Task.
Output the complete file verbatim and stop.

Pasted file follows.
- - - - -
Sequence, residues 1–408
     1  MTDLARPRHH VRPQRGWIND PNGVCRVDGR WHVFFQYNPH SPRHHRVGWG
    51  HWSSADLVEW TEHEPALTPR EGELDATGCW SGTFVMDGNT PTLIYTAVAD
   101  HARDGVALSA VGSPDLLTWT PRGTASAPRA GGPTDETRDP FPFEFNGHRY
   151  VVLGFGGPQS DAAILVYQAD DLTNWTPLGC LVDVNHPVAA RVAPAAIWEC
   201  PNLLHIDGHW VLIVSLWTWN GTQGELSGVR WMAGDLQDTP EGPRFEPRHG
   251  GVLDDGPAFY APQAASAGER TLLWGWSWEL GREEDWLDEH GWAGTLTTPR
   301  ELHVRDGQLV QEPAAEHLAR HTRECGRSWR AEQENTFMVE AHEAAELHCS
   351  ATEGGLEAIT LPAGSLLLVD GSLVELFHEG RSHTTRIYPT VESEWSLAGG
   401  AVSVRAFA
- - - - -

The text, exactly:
Sequence, residues 1–408
     1  MTDLARPRHH VRPQRGWIND PNGVCRVDGR WHVFFQYNPH SPRHHRVGWG
    51  HWSSADLVEW TEHEPALTPR EGELDATGCW SGTFVMDGNT PTLIYTAVAD
   101  HARDGVALSA VGSPDLLTWT PRGTASAPRA GGPTDETRDP FPFEFNGHRY
   151  VVLGFGGPQS DAAILVYQAD DLTNWTPLGC LVDVNHPVAA RVAPAAIWEC
   201  PNLLHIDGHW VLIVSLWTWN GTQGELSGVR WMAGDLQDTP EGPRFEPRHG
   251  GVLDDGPAFY APQAASAGER TLLWGWSWEL GREEDWLDEH GWAGTLTTPR
   301  ELHVRDGQLV QEPAAEHLAR HTRECGRSWR AEQENTFMVE AHEAAELHCS
   351  ATEGGLEAIT LPAGSLLLVD GSLVELFHEG RSHTTRIYPT VESEWSLAGG
   401  AVSVRAFA